Tag Archives: stroke

Moving talk praised unpaid carers

Plympton ‘Moving On’ Stroke Club

CLUB REPS:  Plympton 'Moving On' Stroke Club meets every  two weeks at  Pocklington Rise, Ridgeway

WE MET on Wednesday, September 4 and welcomed a new member, Dorothy, as well as previous members.​
  1. CLUB REPS: Plympton ‘Moving On’ Stroke Club meets every two weeks at Pocklington Rise, Ridgeway

A presentation was given by John McKenna and Sarah Moore from The Guild (Carers Hub).

John passed around a quiz on carers. One fact from the quiz was that there is thought to be around 27000 carers in the Plymouth area and the estimated value of unpaid caring support in the UK is a staggering £115 billion.

  The winning team of the quiz were Gloria, Sue, Viv and Steve.

We were advised of a service provided by the Red Cross – a massage for hands, arms and shoulders to help relieve some of those stresses and strains.

Carers are the best kind of people. So why are they treated so disgracefully?

My brother’s carer had to leave, her minimum wage not enough to survive on. My brother is heartbroken. I’m furious

The Guardian,

Swimming carer

‘There is no training course in the world that can truly prepare you for becoming a carer: it’s something you either have or you don’t.’ Photograph: Gary Calton

We lost someone important to us this weekend. My mum rang me, crying from a hotel room, after Megan had said goodbye, and what a shame it was. She didn’t want to go. We didn’t want her to go either.

Megan was my younger brother’s carer. His autism and epilepsy means he needs round-the-clock assistance. Megan had split up with her boyfriend, and the minimum wage she was being paid was not enough for her to live alone – so she has to go away, to live with her parents. My brother will not understand this: he will just see that she is gone, and miss her. But we understand it. Having witnessed the work of a succession of carers while I was growing up, I not only noticed what an incredible, noble thing it is to devote your time to looking after someone more vulnerable than you, but also how little society gives a toss about it.

Who runs Britain? An Army of unregarded, unpaid carers.

Who runs Britain? An Army of unregarded, unpaid carers. Now it’s time we cared for them says Andrew Marr and his wife who nursed him after stroke

By Andrew Marr And Jackie Ashley

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Fighting his way back to fitness: Andrew Marr has seen his relationship with his wife Jackie Ashley change as a result of his stroke

Fighting his way back to fitness: Andrew Marr has seen his relationship with his wife Jackie Ashley change as a result of his stroke

There is a crack in everything..that’s how the light gets in. So sang Leonard Cohen on his famous song Anthem.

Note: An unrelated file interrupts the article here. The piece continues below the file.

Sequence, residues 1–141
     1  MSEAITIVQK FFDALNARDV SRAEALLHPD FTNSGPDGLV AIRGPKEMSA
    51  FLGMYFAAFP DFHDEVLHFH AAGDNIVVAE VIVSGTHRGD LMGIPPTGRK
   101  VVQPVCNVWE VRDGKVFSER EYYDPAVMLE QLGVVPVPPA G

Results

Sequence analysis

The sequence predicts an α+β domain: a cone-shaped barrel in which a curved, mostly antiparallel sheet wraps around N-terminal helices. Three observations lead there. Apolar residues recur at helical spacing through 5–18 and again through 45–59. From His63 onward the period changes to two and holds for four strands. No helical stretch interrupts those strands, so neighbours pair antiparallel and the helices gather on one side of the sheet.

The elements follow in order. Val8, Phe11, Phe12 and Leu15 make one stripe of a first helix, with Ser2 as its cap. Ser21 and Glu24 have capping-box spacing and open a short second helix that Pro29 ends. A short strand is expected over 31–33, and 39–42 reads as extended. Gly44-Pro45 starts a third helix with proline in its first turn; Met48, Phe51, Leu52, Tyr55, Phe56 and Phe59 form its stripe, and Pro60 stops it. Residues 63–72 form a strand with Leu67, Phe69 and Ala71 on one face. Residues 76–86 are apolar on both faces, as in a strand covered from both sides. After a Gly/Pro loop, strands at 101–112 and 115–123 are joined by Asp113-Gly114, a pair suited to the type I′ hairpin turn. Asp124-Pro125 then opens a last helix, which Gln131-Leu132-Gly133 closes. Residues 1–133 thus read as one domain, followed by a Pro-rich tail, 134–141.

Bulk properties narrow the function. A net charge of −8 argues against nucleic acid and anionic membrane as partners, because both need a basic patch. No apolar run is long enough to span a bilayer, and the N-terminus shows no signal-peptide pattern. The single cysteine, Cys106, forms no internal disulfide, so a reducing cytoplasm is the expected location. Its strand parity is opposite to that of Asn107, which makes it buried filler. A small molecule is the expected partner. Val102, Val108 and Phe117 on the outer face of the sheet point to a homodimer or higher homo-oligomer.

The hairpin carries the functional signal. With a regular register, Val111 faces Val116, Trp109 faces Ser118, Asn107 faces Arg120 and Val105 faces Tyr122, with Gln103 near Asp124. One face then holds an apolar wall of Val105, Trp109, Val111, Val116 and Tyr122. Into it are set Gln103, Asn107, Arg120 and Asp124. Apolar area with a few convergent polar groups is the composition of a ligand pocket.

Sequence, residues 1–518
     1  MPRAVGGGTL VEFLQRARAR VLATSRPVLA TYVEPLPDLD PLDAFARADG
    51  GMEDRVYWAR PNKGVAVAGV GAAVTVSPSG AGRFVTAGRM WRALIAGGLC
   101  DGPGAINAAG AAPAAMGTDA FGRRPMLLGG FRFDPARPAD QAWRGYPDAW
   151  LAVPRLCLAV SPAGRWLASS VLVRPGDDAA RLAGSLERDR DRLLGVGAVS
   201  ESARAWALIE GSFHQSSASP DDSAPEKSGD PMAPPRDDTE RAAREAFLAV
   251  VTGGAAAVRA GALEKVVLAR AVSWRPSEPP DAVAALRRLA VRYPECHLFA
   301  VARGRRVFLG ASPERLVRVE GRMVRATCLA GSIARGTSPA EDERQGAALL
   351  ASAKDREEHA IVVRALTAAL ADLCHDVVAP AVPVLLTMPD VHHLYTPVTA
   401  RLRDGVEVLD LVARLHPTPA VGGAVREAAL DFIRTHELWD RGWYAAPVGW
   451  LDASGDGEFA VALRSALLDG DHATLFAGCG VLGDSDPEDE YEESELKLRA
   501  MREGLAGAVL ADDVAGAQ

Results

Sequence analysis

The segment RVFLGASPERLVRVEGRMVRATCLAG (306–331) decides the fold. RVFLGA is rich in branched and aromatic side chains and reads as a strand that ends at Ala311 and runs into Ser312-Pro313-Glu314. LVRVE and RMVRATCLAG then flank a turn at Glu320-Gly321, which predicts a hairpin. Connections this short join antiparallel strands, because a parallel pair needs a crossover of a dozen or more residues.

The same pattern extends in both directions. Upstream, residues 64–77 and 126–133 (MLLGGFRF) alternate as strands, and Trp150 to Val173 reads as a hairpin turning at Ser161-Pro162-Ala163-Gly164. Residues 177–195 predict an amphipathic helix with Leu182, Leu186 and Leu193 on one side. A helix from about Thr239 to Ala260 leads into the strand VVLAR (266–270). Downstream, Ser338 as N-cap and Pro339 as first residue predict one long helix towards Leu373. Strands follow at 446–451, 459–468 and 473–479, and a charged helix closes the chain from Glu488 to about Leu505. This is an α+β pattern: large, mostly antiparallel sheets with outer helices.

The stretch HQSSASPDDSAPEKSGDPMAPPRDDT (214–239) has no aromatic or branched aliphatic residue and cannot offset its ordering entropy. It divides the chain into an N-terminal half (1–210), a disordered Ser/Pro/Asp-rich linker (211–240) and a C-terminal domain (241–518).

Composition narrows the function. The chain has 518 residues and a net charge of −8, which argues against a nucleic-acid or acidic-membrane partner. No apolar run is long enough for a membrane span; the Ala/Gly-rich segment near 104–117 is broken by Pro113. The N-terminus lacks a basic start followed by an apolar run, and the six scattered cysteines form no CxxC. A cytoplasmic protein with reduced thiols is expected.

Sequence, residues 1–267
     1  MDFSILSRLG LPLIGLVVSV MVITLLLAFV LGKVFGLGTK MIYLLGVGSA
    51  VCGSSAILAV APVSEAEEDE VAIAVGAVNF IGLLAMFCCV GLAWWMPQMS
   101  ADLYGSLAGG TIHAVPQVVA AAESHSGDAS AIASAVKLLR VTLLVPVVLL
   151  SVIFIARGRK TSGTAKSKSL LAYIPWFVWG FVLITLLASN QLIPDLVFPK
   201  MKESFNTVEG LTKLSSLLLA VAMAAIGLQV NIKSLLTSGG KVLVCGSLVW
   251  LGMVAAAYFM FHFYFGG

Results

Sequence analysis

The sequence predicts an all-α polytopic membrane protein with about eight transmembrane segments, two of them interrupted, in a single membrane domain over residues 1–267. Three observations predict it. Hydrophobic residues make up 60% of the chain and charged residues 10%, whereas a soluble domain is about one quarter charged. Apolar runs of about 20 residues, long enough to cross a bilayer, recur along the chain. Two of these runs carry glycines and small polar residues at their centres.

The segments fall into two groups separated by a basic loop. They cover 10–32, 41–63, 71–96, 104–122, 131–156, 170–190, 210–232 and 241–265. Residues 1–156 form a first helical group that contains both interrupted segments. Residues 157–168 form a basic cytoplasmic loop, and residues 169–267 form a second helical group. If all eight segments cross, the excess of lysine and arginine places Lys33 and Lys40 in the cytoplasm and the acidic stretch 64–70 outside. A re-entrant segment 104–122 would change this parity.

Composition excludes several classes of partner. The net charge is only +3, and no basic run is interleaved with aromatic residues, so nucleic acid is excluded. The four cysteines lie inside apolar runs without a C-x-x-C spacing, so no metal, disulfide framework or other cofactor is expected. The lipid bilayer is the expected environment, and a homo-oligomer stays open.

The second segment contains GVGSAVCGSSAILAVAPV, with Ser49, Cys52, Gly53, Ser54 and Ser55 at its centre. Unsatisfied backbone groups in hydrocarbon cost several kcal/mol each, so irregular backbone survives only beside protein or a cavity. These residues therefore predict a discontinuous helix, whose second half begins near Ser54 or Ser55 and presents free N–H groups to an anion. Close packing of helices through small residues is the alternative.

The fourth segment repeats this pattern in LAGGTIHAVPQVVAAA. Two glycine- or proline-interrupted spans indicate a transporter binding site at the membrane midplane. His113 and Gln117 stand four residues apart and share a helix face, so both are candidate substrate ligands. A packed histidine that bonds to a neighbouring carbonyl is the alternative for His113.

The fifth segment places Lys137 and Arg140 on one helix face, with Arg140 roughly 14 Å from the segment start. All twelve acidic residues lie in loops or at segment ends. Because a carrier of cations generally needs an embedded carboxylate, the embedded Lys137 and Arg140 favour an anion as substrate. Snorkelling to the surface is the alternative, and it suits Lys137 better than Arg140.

For us, the crack came at the beginning of the year with Andrew’s stroke. The ‘light’ was a cascade of emails, tweets and heartbreaking letters about the desperate plight of hundreds of thousands of carers in this country. And they flooded in. They still do.

Recovering from a stroke is a long-term project. Mornings become a complicated and tiring set of hurdles – stairs dive down more steeply, chair and table legs multiply, plates fly off tables on to the floor. Getting socks on one-handed is very slow without help. Opening the marmalade jar requires almost as much preparation as D-Day.

Andrew has always been independent and stubborn; Jackie’s help was vital but it has required a renegotiation in the relationship. We have both changed.

The stroke survivor needs assistance with almost everything – time-consuming physio exercises, three meals a day, driving to hospital appointments, changing shoes and doing laces. It’s toughest, of course, for the patient, but it’s tough and tiring for the carer too.

Having helped look after her elderly father before his death last year, Jackie had some idea of the pressures of caring. But neither of us had appreciated what a huge social and political problem has been quietly building up as our population ages.

One in eight adults – or more than 6.5 million people – are  carers, often struggling to keep their heads above water. Everywhere, in every suburban street, village and city centre, individuals find their lives turned upside down by the demands of caring for those they love, while keeping at least some attention focused on the world outside. It is an unregarded, forgotten army whom the state could never replace.

We ourselves are phenomenally privileged and lucky: Jackie still has her physical strength and we have enough money to pay for extra physiotherapy, which many people can’t do. We’ve been able to buy aids and gadgets. As Andrew learned to shower, dress himself and walk again, he knew that the BBC was keeping his job open for him. Jackie was also fortunate to be able to find work after taking six months out.

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